Today my blog on energy innovation, Watt-Logic is one year old! It’s been an interesting and unexpected year.
A year of surprises…
A year ago Brexit was still seen as a somewhat unlikely prospect, as was President Trump, yet a year on, not only are we on the way out of the EU, but we have a General Election coming that is likely to return a large Conservative majority. And that same Conservative Party is seriously considering imposing price caps on the retail energy market.
Over the past year we have seen coal being edged out of the merit order, with entirely coal-free days – a thing that would have been unheard of until very recently. We have also seen Hinkley Point achieve final approvals and begin the construction process, despite the ongoing uncertainty at the flagship EPR at Flamanville.
We saw the UK market comfortably withstand the loss of 50% of the UK-France interconnector – which arguably was positive for UK capacity margins given a correlation between high demand and high exports. The French market also managed to cope despite extensive nuclear shutdowns following the steel forging scandal affecting the construction of its reactors.
Germany had a rocky start to 2017 as sustained still weather at a time of low solar production risked causing havoc to the system and saw conventional plants including coal firing at full tilt to meet demand.
…and new innovations
In the course of writing my blog I’ve come across some really interesting new concepts. We’ve become used to the notion of disruptive technologies such as electric vehicles and battery storage, but there is also a pipeline of other potential game-changers.
“There’s a way to do it better—find it.”
– Thomas Edison, inventor and businessman.
Small nuclear reactors are showing potential and there is some interesting work going on in the field of nuclear fusion, although whether that nut will ever be truly cracked remains to be seen.
Building-integrated PV is also gaining momentum, with new technologies allowing high levels of efficiency and optical transparency, significantly increasing the potential for small-scale PV as a way of decreasing net energy consumption – particularly where other efficiency schemes may be difficult (eg glass-walled buildings).
Wireless charging technologies are also gaining ground, dangling the tantalising prospect of doing away with the proliferation of wires and adaptors that currently fill our homes, offices, cars….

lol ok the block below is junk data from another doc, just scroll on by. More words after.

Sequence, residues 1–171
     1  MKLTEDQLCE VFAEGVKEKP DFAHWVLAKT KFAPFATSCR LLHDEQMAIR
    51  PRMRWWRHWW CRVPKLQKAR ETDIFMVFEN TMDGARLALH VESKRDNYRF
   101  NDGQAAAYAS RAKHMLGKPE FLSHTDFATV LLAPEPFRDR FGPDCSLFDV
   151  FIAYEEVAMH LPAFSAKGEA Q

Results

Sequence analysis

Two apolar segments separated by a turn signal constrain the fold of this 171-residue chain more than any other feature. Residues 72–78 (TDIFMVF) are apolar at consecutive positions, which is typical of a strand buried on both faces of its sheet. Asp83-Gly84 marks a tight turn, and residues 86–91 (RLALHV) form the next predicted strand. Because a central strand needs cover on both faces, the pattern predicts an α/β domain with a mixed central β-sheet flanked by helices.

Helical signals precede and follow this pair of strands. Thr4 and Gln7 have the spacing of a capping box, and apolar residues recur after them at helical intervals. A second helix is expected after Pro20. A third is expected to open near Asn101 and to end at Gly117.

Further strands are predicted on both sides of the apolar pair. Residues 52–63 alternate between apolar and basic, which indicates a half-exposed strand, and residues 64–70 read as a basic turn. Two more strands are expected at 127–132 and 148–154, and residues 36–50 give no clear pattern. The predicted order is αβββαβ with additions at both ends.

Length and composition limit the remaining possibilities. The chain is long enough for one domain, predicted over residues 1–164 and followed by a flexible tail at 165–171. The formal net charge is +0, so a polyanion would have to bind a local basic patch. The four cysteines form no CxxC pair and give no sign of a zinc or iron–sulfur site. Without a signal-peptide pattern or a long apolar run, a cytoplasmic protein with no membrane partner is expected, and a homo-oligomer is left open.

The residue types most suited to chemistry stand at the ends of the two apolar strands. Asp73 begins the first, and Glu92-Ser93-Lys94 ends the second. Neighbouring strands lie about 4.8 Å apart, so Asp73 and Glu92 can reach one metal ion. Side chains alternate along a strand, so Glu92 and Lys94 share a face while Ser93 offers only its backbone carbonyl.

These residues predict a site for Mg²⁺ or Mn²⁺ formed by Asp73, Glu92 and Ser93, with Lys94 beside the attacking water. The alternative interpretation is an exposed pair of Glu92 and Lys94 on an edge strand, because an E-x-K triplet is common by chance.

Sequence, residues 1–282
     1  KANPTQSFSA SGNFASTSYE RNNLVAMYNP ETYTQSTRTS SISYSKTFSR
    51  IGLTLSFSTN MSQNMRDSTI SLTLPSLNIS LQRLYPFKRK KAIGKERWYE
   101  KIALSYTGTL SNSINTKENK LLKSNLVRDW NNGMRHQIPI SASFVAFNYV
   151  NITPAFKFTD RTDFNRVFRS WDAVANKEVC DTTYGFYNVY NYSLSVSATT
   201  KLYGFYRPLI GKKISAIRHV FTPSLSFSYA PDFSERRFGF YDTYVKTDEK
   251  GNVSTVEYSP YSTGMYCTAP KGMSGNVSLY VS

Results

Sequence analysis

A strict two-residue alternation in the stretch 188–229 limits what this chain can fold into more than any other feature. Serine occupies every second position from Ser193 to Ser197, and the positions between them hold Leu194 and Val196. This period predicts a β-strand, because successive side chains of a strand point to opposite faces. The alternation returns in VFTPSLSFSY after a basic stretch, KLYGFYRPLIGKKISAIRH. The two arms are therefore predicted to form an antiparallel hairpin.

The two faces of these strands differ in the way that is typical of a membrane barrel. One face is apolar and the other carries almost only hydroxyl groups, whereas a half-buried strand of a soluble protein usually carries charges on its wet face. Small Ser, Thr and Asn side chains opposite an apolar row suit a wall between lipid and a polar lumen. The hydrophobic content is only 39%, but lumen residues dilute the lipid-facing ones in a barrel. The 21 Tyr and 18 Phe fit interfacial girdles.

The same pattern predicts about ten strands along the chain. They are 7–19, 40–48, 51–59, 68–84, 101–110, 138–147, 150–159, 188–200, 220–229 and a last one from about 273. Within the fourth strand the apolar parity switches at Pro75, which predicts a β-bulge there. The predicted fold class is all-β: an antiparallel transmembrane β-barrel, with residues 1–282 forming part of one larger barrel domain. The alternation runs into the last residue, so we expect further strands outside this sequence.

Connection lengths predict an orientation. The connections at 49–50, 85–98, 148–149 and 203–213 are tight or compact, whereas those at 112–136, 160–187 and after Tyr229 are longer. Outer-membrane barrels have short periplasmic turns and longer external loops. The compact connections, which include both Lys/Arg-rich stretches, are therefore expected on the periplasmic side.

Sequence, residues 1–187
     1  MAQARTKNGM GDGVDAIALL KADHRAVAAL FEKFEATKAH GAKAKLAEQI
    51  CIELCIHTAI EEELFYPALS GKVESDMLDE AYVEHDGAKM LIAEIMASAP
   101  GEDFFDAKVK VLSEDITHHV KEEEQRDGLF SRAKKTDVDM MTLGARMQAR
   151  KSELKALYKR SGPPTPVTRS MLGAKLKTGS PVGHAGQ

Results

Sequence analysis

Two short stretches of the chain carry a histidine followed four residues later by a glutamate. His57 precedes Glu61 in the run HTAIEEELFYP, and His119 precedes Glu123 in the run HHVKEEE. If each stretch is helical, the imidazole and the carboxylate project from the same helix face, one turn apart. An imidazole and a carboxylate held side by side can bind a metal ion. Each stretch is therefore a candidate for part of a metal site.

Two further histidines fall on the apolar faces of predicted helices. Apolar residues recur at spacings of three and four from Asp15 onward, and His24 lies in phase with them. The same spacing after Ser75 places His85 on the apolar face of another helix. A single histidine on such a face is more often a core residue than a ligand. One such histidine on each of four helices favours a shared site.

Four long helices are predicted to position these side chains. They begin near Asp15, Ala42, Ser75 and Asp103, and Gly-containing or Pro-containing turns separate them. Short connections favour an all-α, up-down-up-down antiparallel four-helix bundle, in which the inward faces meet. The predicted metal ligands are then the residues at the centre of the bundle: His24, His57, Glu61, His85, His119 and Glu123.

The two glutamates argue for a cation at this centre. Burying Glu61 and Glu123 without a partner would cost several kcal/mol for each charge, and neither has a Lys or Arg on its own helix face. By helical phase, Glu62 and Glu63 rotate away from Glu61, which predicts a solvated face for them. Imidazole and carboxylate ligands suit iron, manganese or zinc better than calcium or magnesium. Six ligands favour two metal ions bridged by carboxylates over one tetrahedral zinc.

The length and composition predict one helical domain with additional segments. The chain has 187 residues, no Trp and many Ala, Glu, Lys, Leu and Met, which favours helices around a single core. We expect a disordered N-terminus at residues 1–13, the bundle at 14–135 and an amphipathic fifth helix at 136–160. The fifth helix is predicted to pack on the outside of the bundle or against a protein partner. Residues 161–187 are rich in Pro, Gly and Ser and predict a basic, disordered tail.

Further down the line, but no less intriguing are developments such as the bionic leaf – a process of artificial photosynthesis making liquid fuel from sunlight, carbon dioxide and water.
Scientists are also studying the unattractive but fascinating naked mole-rat which has the ability to effectively turn itself into a plant by metabolising fructose instead of glucose in low-oxygen conditions. This may have zero applications in the energy industry but is pretty cool anyway.
On a personal level, it’s also been an interesting year. I left my previous job due to health reasons – having been diagnosed with a chronic condition I needed time to figure out how to manage my symptoms. It’s involved a lot of research – some helpful, some less so, and some that sounds pretty bizarre (apparently people with my condition have an excess of something called “substance P” – very X-Files!)
I started this blog as a way of keeping my eye in during my break – I didn’t expect it to lead to consulting work, but saw no reason to turn down the offers when they came! As well as finding work, the blog has allowed me to meet (both in real life and online) a lot of interesting people with whom it’s been a pleasure to exchange ideas and collaborate on new initiatives.
I’m looking forward to the next 12 months and hoping they are similarly interesting and unexpected….
“It is known that knowledge is power, and power is energy, and energy is matter, and matter is mass, and therefore large accumulations of knowledge distort time and space.”
– Terry Pratchett, The Science of Discworld